By The Skin Cancer Foundation
December 07, 2015
Category: Skin Cancer

An article from the Skin Cancer Foundation.


People who have had the nonmelanoma skin cancers (NMSCs) basal and squamous cell carcinoma (BCC and SCC) are approximately twice as likely as other people to develop non-skin cancers, according to a study in the Journal of the National Cancer Institute.

The findings are of particular concern because NMSC is the world's most common malignancy, with over a million cases diagnosed every year in the US alone. Currently, it's estimated that one in five Americans will develop NMSC at some point in their lives. About 90 percent of these cancers are associated with exposure to the sun's harmful ultraviolet (UV) radiation. While NMSCs have very high cure rates when caught early, they should not be taken lightly, as this study shows.

Researchers led by Anthony J. Alberg, PhD, of the Medical University of South Carolina, Charleston, studied demographic and health information from 19,174 patients in the Maryland-based CLUE (Give us a Clue to Cancer and Heart Disease) II study, from 1989 though 2005. Some 769 patients in the study were diagnosed with NMSC, and by the end of 2005, 181 of these patients, or about 23 percent, had developed another form of (non-skin-related, or noncutaneous) cancer. In contrast, only about 12 percent of people (2156 of 18,405) who did not have NMSC were subsequently diagnosed with a noncutaneous cancer. Researchers took variables such as cigarette smoking and skin type (susceptibility to sunburn and blistering) into account. Nonetheless, those with NMSC had about twice the risk of developing noncutaneous cancers as those who did not have NMSC. Researchers also found that the earlier the age at diagnosis of NMSC, the more likely participants were to develop noncutaneous cancers.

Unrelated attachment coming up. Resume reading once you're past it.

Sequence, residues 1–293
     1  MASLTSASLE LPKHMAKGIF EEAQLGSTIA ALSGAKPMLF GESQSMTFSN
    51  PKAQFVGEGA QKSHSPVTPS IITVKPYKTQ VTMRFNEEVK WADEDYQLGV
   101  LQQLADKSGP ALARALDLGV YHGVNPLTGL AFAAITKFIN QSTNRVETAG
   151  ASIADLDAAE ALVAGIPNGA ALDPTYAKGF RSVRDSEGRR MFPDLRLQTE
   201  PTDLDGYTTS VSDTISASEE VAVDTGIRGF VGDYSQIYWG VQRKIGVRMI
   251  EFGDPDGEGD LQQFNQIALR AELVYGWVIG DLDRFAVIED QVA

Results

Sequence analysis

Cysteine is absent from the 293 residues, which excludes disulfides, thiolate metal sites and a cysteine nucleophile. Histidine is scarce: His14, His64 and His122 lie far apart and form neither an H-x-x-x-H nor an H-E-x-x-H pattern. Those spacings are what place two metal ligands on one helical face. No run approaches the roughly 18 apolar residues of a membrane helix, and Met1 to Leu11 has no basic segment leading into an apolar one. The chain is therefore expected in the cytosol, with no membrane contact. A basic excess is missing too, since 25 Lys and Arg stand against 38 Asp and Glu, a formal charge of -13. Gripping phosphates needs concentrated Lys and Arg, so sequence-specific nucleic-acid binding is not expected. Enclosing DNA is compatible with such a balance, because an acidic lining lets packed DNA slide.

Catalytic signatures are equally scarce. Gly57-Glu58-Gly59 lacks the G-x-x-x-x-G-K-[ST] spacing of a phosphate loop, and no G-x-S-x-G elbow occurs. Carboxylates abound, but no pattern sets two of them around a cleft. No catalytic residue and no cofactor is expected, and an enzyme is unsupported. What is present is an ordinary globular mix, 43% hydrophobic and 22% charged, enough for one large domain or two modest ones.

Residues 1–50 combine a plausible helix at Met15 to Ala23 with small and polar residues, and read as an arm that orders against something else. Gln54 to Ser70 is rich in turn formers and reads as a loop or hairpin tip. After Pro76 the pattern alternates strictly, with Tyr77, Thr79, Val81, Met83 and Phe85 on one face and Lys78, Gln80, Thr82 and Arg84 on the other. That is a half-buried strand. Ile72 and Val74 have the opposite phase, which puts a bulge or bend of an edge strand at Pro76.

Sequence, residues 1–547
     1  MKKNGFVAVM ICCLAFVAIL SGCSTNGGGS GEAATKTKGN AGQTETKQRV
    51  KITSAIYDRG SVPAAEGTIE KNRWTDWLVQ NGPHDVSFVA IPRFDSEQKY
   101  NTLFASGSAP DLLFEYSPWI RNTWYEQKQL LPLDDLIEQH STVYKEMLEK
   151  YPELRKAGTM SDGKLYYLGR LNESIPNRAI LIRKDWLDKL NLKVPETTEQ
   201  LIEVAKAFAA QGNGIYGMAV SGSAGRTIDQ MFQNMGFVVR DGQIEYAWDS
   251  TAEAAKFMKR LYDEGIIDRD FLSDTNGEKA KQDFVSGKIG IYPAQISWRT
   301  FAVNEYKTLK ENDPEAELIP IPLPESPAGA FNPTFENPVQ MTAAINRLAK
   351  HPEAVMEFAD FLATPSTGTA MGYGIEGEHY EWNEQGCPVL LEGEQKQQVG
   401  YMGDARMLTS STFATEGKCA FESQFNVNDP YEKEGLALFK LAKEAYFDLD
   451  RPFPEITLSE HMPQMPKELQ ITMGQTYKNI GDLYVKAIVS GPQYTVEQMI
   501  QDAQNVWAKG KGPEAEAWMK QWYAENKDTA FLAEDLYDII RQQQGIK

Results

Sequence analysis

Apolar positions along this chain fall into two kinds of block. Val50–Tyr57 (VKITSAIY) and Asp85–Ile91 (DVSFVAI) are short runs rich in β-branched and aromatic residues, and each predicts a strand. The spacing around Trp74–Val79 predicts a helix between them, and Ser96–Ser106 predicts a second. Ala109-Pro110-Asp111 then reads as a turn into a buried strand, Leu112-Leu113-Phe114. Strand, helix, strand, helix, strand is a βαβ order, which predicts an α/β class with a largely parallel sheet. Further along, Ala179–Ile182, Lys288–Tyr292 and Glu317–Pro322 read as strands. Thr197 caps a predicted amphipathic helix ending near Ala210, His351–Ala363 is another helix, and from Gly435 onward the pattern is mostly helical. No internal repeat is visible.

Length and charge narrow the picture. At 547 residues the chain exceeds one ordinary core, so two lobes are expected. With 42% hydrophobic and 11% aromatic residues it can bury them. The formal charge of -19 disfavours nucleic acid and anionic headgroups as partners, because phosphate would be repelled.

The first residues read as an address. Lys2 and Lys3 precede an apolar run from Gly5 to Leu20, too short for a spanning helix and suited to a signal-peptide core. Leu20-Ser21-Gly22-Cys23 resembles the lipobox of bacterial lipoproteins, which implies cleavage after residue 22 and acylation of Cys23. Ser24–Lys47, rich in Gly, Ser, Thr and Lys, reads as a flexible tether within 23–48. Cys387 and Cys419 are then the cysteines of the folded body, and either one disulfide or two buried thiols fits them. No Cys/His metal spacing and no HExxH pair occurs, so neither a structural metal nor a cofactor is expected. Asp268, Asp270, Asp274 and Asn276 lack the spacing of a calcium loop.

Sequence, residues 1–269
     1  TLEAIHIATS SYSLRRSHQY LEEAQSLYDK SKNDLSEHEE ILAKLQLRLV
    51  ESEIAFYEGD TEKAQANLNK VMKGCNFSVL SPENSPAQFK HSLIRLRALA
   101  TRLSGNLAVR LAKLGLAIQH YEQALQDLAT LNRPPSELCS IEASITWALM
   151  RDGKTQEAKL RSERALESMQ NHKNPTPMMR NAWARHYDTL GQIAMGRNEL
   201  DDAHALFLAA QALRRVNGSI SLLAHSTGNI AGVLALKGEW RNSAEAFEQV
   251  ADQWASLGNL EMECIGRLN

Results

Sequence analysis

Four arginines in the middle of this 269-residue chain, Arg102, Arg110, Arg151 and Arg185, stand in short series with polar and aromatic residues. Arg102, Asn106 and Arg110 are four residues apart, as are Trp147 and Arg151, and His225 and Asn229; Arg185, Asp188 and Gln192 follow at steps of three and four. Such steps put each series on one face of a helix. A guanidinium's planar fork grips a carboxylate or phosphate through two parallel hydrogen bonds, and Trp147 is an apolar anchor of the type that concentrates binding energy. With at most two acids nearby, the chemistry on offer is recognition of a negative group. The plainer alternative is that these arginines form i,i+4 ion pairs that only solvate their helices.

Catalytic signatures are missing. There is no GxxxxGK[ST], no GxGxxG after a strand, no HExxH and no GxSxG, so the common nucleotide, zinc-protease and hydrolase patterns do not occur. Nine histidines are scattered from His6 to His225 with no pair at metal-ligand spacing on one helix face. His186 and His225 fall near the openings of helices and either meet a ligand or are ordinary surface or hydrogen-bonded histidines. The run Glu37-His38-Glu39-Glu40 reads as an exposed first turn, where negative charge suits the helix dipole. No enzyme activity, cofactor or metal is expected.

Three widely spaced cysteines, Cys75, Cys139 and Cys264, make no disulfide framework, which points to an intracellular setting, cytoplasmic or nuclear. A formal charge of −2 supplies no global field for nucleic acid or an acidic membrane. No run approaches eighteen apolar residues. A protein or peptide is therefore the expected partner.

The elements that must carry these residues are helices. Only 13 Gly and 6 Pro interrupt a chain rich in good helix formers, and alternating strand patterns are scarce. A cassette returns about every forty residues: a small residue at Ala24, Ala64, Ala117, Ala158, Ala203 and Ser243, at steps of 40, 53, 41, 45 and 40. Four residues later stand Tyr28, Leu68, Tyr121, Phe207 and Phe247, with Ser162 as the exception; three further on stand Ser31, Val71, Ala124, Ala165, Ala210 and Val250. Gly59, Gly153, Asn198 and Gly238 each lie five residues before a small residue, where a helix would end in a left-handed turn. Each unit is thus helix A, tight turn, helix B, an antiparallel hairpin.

The full implications of this research are not yet known, but while nonmelanoma skin cancers are rarely life-threatening, they can be highly disfiguring if not caught early, and it is well known that having a history of NMSC means you are also at increased risk of developing melanoma, the deadliest form of skin cancer, which claims more than 8200 lives a year in the US. If you have had an NMSC, you are at higher risk of developing not only future NMSCs and melanomas, but also other, potentially dangerous cancers. Routine screening for both skin cancers and non-skin cancers is thus advisable.